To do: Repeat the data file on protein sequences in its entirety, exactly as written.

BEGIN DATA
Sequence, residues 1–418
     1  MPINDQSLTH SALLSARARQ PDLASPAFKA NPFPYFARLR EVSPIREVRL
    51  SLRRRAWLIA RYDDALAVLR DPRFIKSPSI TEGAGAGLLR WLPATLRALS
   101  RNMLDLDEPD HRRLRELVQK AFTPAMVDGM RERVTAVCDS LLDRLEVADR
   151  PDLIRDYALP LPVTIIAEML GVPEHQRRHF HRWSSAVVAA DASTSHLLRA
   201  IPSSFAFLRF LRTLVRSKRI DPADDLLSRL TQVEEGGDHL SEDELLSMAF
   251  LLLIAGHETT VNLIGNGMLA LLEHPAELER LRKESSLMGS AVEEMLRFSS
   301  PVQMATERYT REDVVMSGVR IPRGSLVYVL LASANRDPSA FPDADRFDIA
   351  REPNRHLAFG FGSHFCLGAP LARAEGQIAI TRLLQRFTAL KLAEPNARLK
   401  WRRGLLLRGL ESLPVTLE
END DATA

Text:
Sequence, residues 1–418
     1  MPINDQSLTH SALLSARARQ PDLASPAFKA NPFPYFARLR EVSPIREVRL
    51  SLRRRAWLIA RYDDALAVLR DPRFIKSPSI TEGAGAGLLR WLPATLRALS
   101  RNMLDLDEPD HRRLRELVQK AFTPAMVDGM RERVTAVCDS LLDRLEVADR
   151  PDLIRDYALP LPVTIIAEML GVPEHQRRHF HRWSSAVVAA DASTSHLLRA
   201  IPSSFAFLRF LRTLVRSKRI DPADDLLSRL TQVEEGGDHL SEDELLSMAF
   251  LLLIAGHETT VNLIGNGMLA LLEHPAELER LRKESSLMGS AVEEMLRFSS
   301  PVQMATERYT REDVVMSGVR IPRGSLVYVL LASANRDPSA FPDADRFDIA
   351  REPNRHLAFG FGSHFCLGAP LARAEGQIAI TRLLQRFTAL KLAEPNARLK
   401  WRRGLLLRGL ESLPVTLE